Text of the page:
Friday, 14 December 2007
Ching, chang, WHAT?
The other Tuesday I'm doing the washing up to Radio 4's "Word of Mouth", presented by Mike Rosen, when I nearly drop the antique Woolworth's teamug I'm scraping clean.
Today's subject being schoolyard rhymes, an "expert" (white, male, natch) has just described in avuncular fashion how the kids have a jolly rhyme to accompany a game of "Paper, Scissors, Stone", that starts, "Ching, chang, wally". To him, the words sounded "a bit zen".
For most British Born Chinese those words are a potent reminder of the misery we experienced when our peers wanted to target our Chinese "otherness". Nothing that starts "Ching chang", whether it's uttered by Ricky Gervais's character in "Extras", kids in the playground, or Rosen's "expert" will be anything other to most of us than the crude and cruel belittling it was always intended to be. Mockery of those in power is a wondrous thing to behold - taking the rise out of the sound of the language of a foreign minority with little social power is not. The original goes, "Ching, chang, chinaman". These are not benign, innocent words - they are loaded with meaning.
I asked two Chinese, one black, and one Jewish person what they thought about it and each one was stunned that the item could be broadcast with no comment or challenge from the presenter.
How many Chinese kids heard the programme with dismay that one of the weapons in the fledgling racist's armoury has now been legitimised by the BBC?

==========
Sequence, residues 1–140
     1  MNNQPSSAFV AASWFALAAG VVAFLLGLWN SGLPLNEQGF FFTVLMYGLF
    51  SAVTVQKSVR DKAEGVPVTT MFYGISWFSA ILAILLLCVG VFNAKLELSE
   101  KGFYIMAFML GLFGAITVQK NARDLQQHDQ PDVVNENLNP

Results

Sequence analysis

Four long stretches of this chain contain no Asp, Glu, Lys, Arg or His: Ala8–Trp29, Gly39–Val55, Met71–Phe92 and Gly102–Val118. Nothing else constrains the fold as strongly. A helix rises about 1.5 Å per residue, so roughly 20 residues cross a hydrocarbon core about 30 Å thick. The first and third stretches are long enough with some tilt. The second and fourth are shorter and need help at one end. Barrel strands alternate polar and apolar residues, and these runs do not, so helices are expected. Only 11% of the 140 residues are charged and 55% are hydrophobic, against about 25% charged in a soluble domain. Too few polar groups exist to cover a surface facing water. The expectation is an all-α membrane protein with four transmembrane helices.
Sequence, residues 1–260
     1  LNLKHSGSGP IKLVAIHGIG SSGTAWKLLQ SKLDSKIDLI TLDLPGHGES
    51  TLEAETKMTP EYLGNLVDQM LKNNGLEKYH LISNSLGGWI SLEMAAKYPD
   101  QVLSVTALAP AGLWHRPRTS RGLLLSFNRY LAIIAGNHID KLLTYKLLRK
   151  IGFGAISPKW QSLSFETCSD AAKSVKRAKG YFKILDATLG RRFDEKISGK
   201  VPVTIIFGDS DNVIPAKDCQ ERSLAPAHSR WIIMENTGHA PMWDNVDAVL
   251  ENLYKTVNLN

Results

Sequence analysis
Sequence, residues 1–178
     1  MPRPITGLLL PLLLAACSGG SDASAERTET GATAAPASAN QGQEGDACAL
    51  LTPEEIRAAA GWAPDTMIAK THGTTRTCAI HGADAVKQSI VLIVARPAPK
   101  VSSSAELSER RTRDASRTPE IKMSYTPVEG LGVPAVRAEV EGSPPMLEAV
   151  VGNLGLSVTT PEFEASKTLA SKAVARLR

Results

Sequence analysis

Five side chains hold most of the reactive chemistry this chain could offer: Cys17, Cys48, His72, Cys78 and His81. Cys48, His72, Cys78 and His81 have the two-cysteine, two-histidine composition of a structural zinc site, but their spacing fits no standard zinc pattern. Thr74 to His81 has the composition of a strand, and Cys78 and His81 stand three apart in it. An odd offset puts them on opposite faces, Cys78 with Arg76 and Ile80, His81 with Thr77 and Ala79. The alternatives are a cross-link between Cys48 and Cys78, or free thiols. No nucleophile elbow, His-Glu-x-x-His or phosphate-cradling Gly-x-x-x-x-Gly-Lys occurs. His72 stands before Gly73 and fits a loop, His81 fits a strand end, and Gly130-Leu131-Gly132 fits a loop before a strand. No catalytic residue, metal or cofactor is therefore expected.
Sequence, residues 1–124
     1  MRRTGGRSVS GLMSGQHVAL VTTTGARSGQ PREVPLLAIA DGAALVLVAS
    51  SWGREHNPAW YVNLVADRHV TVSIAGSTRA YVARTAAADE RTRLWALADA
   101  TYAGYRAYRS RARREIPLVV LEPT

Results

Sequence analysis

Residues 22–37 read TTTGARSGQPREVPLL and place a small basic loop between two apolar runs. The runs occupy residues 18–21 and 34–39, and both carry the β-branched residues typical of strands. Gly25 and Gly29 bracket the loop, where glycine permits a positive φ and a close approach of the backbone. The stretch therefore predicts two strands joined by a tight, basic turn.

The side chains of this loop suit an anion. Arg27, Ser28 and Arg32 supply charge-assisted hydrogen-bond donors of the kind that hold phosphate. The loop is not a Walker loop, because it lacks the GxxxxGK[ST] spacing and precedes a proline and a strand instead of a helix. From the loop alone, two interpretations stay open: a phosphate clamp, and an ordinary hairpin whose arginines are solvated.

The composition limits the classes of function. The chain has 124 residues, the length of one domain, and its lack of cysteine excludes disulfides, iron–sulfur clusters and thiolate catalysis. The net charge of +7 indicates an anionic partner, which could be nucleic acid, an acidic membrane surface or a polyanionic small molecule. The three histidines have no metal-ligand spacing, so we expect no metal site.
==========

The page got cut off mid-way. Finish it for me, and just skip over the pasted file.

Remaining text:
They're laughing at us, Mike, not with us. I'd like to see if Rosen would present so eagerly a rhyme that went, ooh, off the top of my head, "Eeny, meeny, miney, mo, Catch a tiger by it's toe", only not with "tiger". Or some of the charming People's Poetry that zipped round the East End in the days of the skinhead about the wave of Bangladeshi immigrants, only they weren't called Bangladeshis in the poems.
I did contact the programme to explain the significance of those words which they evidently don't get. I'm still waiting for a reply.
What makes this unconscious racism very sad is that Mike Rosen is a lefty of long-standing who would never deliberately hurt a minority. I just wish he'd wake up and have the humility, as one who does the commentating, to learn from those who are doing the experiencing.
As for sounding "zen", I'm speechless. And not in a "zen" way.
STOP PRESS: Americans slate Rosie O'Donnell for "Ching, chong" comments. Click here.